Tuesday, April 25, 2017

PLASTICITY! At the Hudson!

Alex Lyras   Photo Credit Jessica Sherman
The Hudson Guild has taken store front (and back) theatre through its paces for many years.  PLASTICITY, conceived by Alex Lyras and Robert McCaskill featuring Lyras as a bevy of interesting characters, is the type of work that is so inventive, so present and accounted for that the extension of the show since its opening in late January, playing only on Monday nights, that one might hope that word of mouth would keep it running in The Hudson's 35 seat space for a long, long time. 

A discussion of brain injury as a topic for a one person exploration may, at first, seem like a stretch.  In fact, PLASTICITY really is about stretching and philosophy and the whys and wherefores of chance: the serendipity of our lives.  Even though Lyras is the only physical actor on the Hudson stage, featuring projections on a proscenium scrim as well as on the back wall of the stage, we meet a nine or more characters: some through Lyras and some via video projections.  The actor’s timing is crucial and thanks to brilliant projections by Corwin Evans, edited by Peter Chakos, the show comes together in a narrative that works beautifully.  Music and presumably other sound effects by Ken Rich are perfect.

DNR, the victim, engaged to the strikingly lovely, “Kate” suffers a brain injury.  We’re led to believe at first that it might be from a catastrophic rock climbing accident via opening video. We learn climbing terms and the climber's next to last resort has him praying for a ‘divot,’ a tiny hand hold to help his free climb move forward. There’s a term for a leap of faith... if missed, it’s on belay for the climber and hoping for a save. 
 Lyras portrays a wide variety of characters including a Hindu Brain Surgeon, the victim of the stroke, his twin brother,  a rapping orderly at the hospital, the psychiatrist discussing his client: Kate, the fiancĂ© of DNR,  others via skype and video with a truly effective use of lights, sound and projections.The production reminds of Chazz Palminteri’s A Bronx Tale, that first went up at Theatre West almost thirty years ago. Plasticity may have the luxury of a similar route to fame and fortune.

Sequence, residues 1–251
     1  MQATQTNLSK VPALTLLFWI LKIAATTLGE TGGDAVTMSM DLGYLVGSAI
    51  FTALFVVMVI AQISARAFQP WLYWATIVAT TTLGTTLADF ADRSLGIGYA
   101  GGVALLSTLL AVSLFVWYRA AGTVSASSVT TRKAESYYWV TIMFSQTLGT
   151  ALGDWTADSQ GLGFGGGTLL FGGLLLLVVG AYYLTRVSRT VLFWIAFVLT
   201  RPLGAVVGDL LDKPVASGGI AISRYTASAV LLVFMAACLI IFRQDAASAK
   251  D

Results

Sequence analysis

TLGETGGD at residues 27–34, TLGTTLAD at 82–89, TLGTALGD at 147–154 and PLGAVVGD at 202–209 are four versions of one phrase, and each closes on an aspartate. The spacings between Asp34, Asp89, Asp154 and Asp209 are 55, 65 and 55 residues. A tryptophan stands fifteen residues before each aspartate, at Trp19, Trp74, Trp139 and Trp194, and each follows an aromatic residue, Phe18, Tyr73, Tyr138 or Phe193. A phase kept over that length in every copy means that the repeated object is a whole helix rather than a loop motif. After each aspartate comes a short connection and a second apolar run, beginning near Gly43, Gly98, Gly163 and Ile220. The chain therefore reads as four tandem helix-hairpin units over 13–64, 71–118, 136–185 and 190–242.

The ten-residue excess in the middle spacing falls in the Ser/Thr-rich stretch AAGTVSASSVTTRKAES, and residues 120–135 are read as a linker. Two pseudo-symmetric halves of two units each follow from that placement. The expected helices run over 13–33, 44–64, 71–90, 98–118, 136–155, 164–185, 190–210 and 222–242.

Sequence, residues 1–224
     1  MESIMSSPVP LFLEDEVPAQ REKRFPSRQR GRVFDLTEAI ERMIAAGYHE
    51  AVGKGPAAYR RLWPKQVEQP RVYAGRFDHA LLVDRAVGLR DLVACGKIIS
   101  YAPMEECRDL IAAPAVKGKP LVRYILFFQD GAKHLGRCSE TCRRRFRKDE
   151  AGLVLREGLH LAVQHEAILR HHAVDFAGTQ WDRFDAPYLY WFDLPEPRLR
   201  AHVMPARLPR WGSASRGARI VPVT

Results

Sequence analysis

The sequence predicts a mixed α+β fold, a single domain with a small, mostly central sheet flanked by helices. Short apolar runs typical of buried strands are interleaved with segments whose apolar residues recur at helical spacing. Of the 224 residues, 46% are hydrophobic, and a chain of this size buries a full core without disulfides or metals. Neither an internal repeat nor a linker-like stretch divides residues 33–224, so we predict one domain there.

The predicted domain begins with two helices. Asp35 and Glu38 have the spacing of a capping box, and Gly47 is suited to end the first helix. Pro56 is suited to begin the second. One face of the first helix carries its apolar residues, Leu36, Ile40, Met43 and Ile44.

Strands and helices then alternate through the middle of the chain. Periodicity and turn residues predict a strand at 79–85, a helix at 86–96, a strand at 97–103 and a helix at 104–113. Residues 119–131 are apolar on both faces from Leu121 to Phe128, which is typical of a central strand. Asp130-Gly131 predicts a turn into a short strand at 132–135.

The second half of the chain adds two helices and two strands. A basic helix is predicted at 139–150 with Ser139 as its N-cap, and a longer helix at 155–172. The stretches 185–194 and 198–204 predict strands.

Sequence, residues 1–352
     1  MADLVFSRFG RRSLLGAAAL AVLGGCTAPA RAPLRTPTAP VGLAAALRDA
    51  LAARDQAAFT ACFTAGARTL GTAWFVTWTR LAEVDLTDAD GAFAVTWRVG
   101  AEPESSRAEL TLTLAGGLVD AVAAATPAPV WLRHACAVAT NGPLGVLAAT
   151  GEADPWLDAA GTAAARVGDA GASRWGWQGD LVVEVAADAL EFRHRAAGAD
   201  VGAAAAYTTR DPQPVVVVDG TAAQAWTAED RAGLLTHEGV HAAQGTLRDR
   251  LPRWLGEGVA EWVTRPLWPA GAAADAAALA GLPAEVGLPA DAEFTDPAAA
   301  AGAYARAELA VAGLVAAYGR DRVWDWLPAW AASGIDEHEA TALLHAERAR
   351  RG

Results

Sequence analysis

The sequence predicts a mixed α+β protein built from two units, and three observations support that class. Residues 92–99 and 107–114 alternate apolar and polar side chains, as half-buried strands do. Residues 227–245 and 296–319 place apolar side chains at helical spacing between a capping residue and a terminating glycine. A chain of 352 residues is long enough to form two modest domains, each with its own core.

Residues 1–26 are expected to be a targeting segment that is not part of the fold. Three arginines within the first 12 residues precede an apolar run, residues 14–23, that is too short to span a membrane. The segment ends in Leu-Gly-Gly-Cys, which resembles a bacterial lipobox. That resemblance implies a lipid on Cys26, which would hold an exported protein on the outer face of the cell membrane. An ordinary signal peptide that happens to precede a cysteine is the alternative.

This production is show is literally a trip. A trip into the mind.  It questions our very being. One line that sticks is made by a consultant of questionable repute engaged by the victim’s twin trying to find a way through the tragedy:  “The brain is a brilliant liar!”  McCaskill’s direction invisibly guides co-writer Lyras through days and years of character changes.

Extended for Monday’s only! This one's for the theatre audience that longs for an artistic challenge and an undeniable performance.

by Alex Lyras and Robert McCaskill
Hudson Guild Theatre
6539 Santa Monica Blvd.
Los Angeles, CA 90038
May 1, May 8, May 15, May 22 
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Monday, April 3, 2017

Brilliant STILL LIFE at The MET

--> STILL LIFE by Alexander Dinelaris


Laurie Okin and Susan Wilder 
Photo by John Perrin Flynn
 The Rogue Machine is a company of serious theatre practitioners who must stay in shape by finding places to park in their neighborhood and climbing cardiac stairs to their well appointed performance space at the MET Theater.  The space has great history with famous names and beautiful productions attached ever since Bill Bushnell (corrections are welcome) got the place going many years ago.  This is the heart of what theatre for the next generation is supposed to look like. Funky and low down. Ancient wood paneling and refreshments for a donation make for a comfortable lobby to meet other patrons before the house opens. 

Still Life will only be up for a short time longer.  If Sunday’s excellent performance with standby James Liebman (in for Lea Coco) as the artistically conflicted statistician, Jeffrey, is any indication of the dedication of this group, it’s a must see.  Director Michael Peretzian has molded Academy Award Winner for “Birdman” Alexander Dinelaris’s modern morality play flowingly into a story for our time. Dinelaris asks deep and personal questions that each of us must address but seldom do. 

Looking in the dictionary, one might see the term ‘jerk’ (for want of a broader term that has to do with pejorative body parts) and find a portrait of “Terry” depicted by Jonathan Bray, the owner of the ad agency where Jeffrey works to futurecast the wants and needs of the general public.  In a strong turn, we see both truth and beauty in this character’s approach to living the wasted life.  His brutish and blatant approach to getting things done, fraught with fear and loathing of himself and others is enough to put us all on notice to pay attention. Pay attention to how the ripples we  send into the Universe may leave others in chaos.